The home of Christopher White at 11 Oak St. in Jay is cordoned off with crime scene tape after a fire Sept. 18, 2021. White, 53, pleaded guilty Monday to reckless conduct with a dangerous weapon. Donna M. Perry/Sun Journal file photo

FARMINGTON — A Jay man pleaded guilty Monday to reckless conduct with a dangerous weapon in a fire that damaged a car, a motorcycle, a truck and his house at 11 Oak St. on Sept. 18, 2021.

A felony charge of arson was dismissed against Christopher S. White, 53.

He was sentenced to two years in prison, with all time suspended, and two years probation.

A conviction for arson is punishable by up to 30 years in prison; a conviction for reckless conduct with dangerous weapon is punishable by up to five years in prison.

White was burned in the fire and taken to a hospital for treatment. He was arrested in Portland in October 2021 and indicted by a Franklin County grand jury in March.

Assistant District Attorney James Andrews said Monday in Franklin County District Court that if the case had gone to trial a witness would testify that she heard a gunshot outside her house, looked out and saw White walking away. He came back and fired another round into a car.


Livermore Falls police Lt. Joseph Sage would have testified that he responded to the residence and saw a car, pickup truck and motorcycle were on fire and flames spreading to the house. He would also testify that he saw White with a shotgun and a scoped rifle, Andrews said.

White intended to set the vehicle on fire but did not intend to set fire to his house, the assistant district attorney said.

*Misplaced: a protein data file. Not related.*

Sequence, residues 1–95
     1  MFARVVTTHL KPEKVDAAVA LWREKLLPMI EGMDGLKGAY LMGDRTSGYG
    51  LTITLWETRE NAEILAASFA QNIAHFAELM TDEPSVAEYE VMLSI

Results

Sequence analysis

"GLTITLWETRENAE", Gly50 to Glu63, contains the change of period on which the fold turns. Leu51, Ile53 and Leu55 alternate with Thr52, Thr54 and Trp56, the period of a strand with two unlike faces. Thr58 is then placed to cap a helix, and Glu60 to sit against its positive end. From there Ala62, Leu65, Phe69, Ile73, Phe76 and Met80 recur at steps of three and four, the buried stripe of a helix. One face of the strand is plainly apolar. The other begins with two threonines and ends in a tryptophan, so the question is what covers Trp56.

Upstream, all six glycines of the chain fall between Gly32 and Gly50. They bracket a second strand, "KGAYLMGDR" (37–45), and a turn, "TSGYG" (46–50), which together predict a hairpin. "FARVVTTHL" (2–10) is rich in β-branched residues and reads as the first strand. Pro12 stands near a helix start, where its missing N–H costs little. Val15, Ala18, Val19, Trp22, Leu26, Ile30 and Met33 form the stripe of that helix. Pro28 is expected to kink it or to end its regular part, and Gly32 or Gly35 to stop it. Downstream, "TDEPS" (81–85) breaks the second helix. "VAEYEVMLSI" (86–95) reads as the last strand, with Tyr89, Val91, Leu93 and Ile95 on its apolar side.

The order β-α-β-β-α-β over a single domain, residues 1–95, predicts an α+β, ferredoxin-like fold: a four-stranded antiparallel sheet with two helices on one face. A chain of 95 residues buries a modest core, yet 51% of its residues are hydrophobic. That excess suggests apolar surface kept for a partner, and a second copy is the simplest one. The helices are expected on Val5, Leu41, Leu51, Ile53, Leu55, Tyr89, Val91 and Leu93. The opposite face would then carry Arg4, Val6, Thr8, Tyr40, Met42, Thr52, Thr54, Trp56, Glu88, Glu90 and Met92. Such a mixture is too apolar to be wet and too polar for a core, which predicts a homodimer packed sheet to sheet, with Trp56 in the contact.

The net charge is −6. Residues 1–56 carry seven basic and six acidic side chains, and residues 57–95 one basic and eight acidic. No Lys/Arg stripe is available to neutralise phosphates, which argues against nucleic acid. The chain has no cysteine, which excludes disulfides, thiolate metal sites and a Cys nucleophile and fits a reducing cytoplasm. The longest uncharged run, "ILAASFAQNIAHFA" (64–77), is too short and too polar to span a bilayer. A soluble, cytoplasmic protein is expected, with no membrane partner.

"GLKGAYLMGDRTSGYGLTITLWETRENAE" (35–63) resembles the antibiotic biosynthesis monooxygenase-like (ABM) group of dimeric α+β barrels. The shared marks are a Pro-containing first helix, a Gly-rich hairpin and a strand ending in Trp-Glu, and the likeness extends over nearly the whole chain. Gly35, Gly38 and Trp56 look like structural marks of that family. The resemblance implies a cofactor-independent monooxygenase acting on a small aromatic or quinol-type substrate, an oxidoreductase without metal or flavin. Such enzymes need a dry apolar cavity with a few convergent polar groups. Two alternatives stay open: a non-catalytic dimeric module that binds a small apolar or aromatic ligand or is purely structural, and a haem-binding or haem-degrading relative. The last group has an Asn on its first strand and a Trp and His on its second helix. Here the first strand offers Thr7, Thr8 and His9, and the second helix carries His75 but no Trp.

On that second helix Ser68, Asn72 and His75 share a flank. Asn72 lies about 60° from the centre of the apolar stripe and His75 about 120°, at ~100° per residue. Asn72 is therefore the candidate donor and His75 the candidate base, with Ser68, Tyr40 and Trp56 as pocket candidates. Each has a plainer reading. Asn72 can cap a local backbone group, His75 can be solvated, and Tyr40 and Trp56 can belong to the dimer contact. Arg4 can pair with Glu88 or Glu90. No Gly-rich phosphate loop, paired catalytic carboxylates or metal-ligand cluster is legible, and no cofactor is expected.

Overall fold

“He was distraught over a breakup,” Andrews said Sage would testify.

Christopher White Maine Department of Public Safety photo

A neighbor took a video of the scene, which is in a congested residential area, and a state fire investigator reviewed it.

The fire spread from the vehicle to the house.

White admitted during an interview that he intentionally set fire to his vehicle, and he understood he had endangered people, including officers, and felt bad, Andrews said.


“This was a very dangerous event that could have been worse,” Justice Thomas McKeon said.

White’s attorney, Jason Ranger, said his client had never had a conviction on a criminal charge.

“In this occasion the use of alcohol has really inflamed the situation, Ranger said, noting the pun was not intended.

The state was concerned that it get a felony conviction and that White not have access to firearms, Andrews said. As part of the conditions, White must continue mental health treatment.

The insurance company didn’t cover the damage.

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